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Buckeye Mela puts winners on the fastrack to national competition

Buckeye Mela performers dance during a routine at the 9th annual gathering of the event. The 10th annual Buckeye Mela kicks off this Saturday, Jan. 28, 2017. Credit: Shantanu Sakaram

Ohio State’s annual Southeast Asian dance competition will give competing teams the opportunity to take their skills beyond Columbus on Saturday.

Buckeye Mela, the largest intercollegiate bhangra and Bollywood fusion dance competition in the Midwest, is back for its 11th year. This year, teams will be competing for a spot in Legends, the national competition that will be held in California on April 14.  

The weekend-long event will showcase dance ensembles from across the nation, including teams from the University of Georgia and Boston University. Eight Bollywood fusion and eight bhangra teams were selected for Saturday’s show from more than 80 auditions.

“The whole board was at the director’s house watching audition videos for hours,” said Shreya Patel, outreach chair for Buckeye Mela and a third-year in health information management and systems. “After that day we all had enough of each other and I’m pretty sure we didn’t see each other for a week.”

Bhangra is a classic folk dance originating from northern India, while fusion combines Bollywood dances with hip-hop. Ohio State has its own fusion dance teams, but to avoid biased judging, they will not be allowed to perform at Buckeye Mela. Instead, Ohio State’s team will perform at other Melas across the country in order to qualify for the Legends competition –– the official Bollywood dance championship.  

Sanjana Naidu, co-director of Buckeye Mela and a fourth-year in geographic information sciences, said Mela is one of the largest philanthropic events held at Ohio State. Each team participating in the event has to raise money for the year’s charity. The charity for this year is Pratham USA, a nonprofit aimed at providing education to children in India.

“We raised $4,500 for them last year, and this year we’re hoping to donate more,” Naidu said. “We don’t have an exact number because we don’t know how many show tickets we will sell or how much money teams will raise, but the goal is always more.”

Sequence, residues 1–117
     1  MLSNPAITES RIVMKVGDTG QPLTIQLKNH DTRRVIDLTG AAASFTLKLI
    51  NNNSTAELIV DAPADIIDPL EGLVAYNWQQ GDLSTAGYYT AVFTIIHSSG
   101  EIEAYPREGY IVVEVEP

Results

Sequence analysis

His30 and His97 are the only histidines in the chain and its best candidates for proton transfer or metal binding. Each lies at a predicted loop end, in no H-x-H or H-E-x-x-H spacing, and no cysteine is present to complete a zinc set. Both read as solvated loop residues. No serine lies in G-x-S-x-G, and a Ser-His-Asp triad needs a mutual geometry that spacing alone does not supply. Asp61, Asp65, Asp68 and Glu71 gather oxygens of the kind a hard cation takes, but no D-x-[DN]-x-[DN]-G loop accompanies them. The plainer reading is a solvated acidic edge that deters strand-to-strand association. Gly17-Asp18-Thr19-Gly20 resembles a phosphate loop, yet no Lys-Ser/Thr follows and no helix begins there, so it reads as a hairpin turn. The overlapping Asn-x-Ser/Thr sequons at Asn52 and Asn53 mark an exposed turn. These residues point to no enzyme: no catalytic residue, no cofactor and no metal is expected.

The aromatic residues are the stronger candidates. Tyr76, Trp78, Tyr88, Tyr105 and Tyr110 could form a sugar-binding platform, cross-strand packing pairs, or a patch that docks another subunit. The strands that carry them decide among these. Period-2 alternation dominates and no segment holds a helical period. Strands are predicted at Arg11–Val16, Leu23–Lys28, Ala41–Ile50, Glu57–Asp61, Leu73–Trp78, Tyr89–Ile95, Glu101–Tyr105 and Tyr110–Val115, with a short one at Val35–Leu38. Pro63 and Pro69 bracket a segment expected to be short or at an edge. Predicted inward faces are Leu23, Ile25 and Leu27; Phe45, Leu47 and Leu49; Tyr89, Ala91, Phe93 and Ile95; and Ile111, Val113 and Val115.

Each team has to create a GoFundMe for the charity, and the team that raises the most money will be awarded an incentive of 10 extra minutes of tech time, which will allow the team to run through its entire set on Saturday morning.

“We feel really good about this year’s event, we’ve definitely over-prepared,” Naidu said. “We definitely feel this week going in that a lot of the big-ticket items are taken care of.”

Buckeye Mela has been around for many years but it wasn’t always this popular. Before its fifth year, it held the competition only for Ohio State teams, but after that, the competition was open for anyone to join.

Every year Mela awards the first- and second-place dance teams in both bhangra and fusion with cash prizes. First place receives $2,000 while second place receives $500. New this year, however, Buckeye Mela plans on awarding third place with a cash prize as well, though the amount is still being decided.

“We just want our dancers to have the best experience and I believe this year we will bring that,” Patel said.

Buckeye Mela will take place at the Wexner Center’s Mershon Auditorium at 5 p.m. Saturday. Tickets are $8 for students and $15 for the general public and are available at https://www.buckeyemela.com/show.html.

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